Happiness in the 21st century means using contemporary technology
While policy is a good idea, it takes time, sometimes years or decades, to make a difference. Meanwhile, social media is fast -- you know this, because this is a problem when you post something incredibly stupid and everyone sees it before you realize it. When it comes to happiness, there's a huge opportunity there: helping people track and share the things that make them happy.
Dr. Viswanath collaborated on a study in Hong Kong where investigators called more than 4,500 people to ask about their level of happiness. Imagine your surprise getting a phone call like that, when you thought you were going to be offered volcano insurance. Respondents were also asked if they smoked. The findings were intriguing: of non-smokers, current smokers, and ex-smokers, the ex-smokers were the happiest group. Wouldn't it be logical for someone to be happier without dirtying their lungs with smoke in the first place? Apparently not. "Ex-smokers experienced a sense of accomplishment, efficacy," Dr. Viswanath theorizes. "That sense of accomplishment is something you can amplify through social media."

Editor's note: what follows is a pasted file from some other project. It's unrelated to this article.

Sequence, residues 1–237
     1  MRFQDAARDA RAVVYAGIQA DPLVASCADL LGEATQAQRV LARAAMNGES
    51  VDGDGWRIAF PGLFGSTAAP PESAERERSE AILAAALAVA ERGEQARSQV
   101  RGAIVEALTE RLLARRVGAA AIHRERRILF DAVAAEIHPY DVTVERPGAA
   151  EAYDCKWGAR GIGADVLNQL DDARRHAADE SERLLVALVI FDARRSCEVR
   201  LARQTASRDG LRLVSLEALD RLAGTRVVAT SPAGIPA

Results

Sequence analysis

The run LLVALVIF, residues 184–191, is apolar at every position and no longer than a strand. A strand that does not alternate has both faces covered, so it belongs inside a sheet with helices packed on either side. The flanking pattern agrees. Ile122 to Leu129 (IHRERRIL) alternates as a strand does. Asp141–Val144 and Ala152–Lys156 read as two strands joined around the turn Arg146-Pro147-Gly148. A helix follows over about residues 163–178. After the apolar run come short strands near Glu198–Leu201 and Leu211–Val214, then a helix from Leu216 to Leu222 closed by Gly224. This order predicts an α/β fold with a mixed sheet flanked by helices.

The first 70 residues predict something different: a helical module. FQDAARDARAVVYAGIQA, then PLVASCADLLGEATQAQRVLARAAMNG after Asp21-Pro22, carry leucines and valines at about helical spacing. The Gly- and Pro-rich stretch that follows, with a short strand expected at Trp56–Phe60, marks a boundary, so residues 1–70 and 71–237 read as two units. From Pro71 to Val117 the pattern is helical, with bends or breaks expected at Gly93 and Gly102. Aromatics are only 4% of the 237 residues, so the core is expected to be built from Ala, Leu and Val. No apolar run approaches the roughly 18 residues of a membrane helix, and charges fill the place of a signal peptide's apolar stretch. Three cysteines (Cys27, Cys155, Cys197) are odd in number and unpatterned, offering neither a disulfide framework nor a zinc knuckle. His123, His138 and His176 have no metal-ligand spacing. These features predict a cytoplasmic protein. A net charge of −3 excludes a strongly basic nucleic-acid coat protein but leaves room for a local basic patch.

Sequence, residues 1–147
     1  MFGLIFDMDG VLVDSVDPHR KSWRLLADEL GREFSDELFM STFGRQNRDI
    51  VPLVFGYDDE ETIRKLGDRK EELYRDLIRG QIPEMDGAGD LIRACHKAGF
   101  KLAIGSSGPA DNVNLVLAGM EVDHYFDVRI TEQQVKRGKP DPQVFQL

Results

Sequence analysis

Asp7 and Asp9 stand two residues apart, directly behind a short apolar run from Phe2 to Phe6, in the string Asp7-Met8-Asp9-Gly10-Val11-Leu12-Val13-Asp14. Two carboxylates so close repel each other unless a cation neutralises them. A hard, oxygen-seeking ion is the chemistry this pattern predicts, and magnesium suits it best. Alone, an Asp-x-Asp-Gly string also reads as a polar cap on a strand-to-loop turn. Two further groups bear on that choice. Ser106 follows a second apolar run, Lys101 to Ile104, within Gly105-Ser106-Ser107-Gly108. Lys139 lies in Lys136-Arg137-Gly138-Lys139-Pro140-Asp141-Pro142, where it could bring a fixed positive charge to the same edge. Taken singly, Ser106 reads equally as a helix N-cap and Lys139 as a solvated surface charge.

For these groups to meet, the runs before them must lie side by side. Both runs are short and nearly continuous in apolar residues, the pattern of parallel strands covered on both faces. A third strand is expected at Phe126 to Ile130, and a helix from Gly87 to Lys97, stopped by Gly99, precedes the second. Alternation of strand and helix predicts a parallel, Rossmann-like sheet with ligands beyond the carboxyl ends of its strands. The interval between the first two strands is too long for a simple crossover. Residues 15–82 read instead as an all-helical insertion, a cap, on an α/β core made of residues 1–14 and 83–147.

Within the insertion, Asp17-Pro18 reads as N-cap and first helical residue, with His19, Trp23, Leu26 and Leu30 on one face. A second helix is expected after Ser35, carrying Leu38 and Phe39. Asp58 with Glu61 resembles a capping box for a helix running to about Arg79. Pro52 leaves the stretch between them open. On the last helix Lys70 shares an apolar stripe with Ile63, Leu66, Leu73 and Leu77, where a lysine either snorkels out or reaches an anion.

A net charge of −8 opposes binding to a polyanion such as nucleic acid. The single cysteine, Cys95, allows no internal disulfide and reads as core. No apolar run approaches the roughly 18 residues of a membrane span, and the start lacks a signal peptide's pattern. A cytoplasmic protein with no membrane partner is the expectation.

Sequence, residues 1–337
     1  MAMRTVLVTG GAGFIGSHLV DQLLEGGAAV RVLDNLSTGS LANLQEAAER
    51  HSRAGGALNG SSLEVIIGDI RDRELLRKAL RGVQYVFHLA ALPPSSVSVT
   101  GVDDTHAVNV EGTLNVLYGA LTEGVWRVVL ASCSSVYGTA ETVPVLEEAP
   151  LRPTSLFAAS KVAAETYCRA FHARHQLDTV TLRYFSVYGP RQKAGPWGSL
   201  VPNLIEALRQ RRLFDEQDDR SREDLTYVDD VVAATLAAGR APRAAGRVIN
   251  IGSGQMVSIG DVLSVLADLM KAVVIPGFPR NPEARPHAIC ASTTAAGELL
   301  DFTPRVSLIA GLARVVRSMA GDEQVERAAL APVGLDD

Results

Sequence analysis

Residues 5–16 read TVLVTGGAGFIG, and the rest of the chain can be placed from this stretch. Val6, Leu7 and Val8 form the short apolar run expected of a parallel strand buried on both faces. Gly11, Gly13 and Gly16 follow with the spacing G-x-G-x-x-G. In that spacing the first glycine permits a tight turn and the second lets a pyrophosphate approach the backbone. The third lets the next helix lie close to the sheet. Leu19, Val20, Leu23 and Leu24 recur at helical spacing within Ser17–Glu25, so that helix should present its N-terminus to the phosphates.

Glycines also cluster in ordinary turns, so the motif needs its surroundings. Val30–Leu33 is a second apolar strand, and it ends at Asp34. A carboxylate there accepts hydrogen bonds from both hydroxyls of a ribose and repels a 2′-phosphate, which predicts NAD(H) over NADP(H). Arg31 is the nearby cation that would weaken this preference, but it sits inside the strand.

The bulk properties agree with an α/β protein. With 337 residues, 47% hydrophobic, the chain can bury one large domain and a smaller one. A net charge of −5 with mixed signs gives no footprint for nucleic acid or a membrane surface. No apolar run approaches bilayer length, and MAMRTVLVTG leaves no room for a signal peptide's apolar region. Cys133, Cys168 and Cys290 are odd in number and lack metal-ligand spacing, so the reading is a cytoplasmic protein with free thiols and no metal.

There are already a bunch of apps out there designed to make you happier, and they often include a social media element where you share your successes. This delicious chocolate cake that I made myself made me happy! Or getting out of bed at 5am to work out made me happy! Whatever floats your boat, right? Now Harvard is going to come up with loads of new research and figure out how to put it to work through social media.
"We have not been very good at taking studies on happiness from the scientific world and translating and communicating them to change both policy and practice," Dr. Viswanath points out. "This is an incredible opportunity for us to say, how can we amplify our findings and reach out to people where they are?" Hopefully that happens in your lifetime!